The UN, Individual Privacy and the Surveillance State

Do citizens of every country have a right to privacy in the digital age? Or, more to the point: how can UN human rights offices and treaties guarantee individuals’ rights to privacy?

The UN General Assembly took a stab at this question last year when it passed a resolution that shifted national debates about states’ national security interests to an issue of international human rights.  The United Nations General Assembly adopted Resolution A/RES/68/167 on December 18, 2013. Introduced by Germany and Brazil in the wake of the surveillance revelations made public by Edward Snowden, the resolution reaffirms the right to privacy for all global citizens, reaffirming language in existing international law, including the International Covenant on Civil and Political Rights and the Universal Declaration of Human Rights.

The resolution’s novelty, however, lies in its discussion of the technological developments that have occurred since the drafting of the Universal Declaration of Human Rights and the International Covenant on Civil and Political Rights decades ago, noting that increased technological capabilities likewise increase state data interception and collection capabilities, but do not lessen individuals’ right to privacy.

The resolution further called upon the Office of the UN High Commissioner for Human Rights (OHCHR) to draft and submit a report regarding the protection and promotion of the right to privacy in the context of mass surveillance and the interception and collection of personal data. Drafting this report guarantees that the topic of mass surveillance will be discussed again at the General Assembly, and gives the OHCHR a microphone for shaping international dialogue surrounding data collection in the digital age.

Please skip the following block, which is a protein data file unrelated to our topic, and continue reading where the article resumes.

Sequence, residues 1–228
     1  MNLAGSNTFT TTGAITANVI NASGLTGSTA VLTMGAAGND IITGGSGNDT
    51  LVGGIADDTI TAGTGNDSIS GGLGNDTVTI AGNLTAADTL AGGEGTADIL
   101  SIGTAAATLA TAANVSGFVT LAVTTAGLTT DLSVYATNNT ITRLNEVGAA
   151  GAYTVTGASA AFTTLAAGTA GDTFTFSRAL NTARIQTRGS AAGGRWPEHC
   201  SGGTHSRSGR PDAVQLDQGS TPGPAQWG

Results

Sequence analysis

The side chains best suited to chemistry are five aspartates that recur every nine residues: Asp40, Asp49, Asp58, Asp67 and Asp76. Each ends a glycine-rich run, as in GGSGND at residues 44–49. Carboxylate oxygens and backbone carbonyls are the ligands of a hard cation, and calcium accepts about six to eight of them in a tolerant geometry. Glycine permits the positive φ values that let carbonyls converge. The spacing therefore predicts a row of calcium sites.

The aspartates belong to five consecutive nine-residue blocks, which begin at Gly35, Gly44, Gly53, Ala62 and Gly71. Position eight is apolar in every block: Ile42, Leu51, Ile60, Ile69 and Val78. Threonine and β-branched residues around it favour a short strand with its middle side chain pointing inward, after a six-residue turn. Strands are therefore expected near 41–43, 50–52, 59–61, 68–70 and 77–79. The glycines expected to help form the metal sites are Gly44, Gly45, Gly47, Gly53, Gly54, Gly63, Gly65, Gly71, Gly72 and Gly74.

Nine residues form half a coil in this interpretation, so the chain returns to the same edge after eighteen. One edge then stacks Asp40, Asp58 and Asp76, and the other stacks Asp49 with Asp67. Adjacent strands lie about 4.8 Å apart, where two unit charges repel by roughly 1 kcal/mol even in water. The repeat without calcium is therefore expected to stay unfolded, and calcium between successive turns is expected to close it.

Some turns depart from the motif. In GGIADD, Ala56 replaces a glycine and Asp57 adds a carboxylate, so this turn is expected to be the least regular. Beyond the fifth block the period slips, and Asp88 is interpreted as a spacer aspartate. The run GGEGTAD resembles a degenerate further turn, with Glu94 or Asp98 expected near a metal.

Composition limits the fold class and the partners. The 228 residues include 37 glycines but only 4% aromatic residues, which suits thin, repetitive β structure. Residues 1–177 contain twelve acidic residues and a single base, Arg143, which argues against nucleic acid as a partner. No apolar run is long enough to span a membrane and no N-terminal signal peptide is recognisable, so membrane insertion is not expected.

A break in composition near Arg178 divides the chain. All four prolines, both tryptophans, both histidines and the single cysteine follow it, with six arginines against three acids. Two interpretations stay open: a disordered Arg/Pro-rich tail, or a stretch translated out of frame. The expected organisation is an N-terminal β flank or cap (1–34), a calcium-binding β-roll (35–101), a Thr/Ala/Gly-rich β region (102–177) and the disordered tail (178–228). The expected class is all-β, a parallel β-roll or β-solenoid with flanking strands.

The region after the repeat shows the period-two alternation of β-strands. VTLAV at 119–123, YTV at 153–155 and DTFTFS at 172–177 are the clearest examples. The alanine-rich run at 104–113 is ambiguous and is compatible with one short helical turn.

The report, entitled “The Right to Privacy in the Digital Age,” was released to the public on July 16, 2014. It provides a relevant condemnation of government surveillance around the world and describes the infringement that these efforts have upon individuals’ human rights. It also offers conclusive answers to some of the more contentious ongoing debates in privacy rights, such as over whether foreign nationals have the same right to privacy as the citizens of the countries engaging in data collection. Also significantly, it calls for transparency in surveillance laws, requiring them to be “sufficiently precise” and having “effective safeguards against abuse.” The report manages to move the discussion away from one about states’ national security to one of fundamental human rights, broadening the conversation to include all citizens of all countries – not just the governments of states that conduct mass surveillance.

Together, the OHCHR’s report and its future discussion at the General Assembly broadens the scope of this debate from states’ efforts to guarantee security to individuals’ guaranteed right to privacy under international law – an opinion that has rarely been heard in the debates over the past year. This is one of the key functions of the OHCHC; while the General Assembly is a forum of member states, the High Commissioner for Human Rights has a mandate to protect individuals’ human rights.

The report will be discussed in the General Assembly at its 69th session in October, and will be presented by the High Commissioner to the Human Rights Council at its next session in September, opening the floor to debate over how to bring surveillance programs into compliance with international human rights law. This debate, along with a UN resolution and an OHCHR report to reference, will place pressure on states to bring government programs and state contractors in compliance with international norms, and may be the first step in placing limits on state surveillance.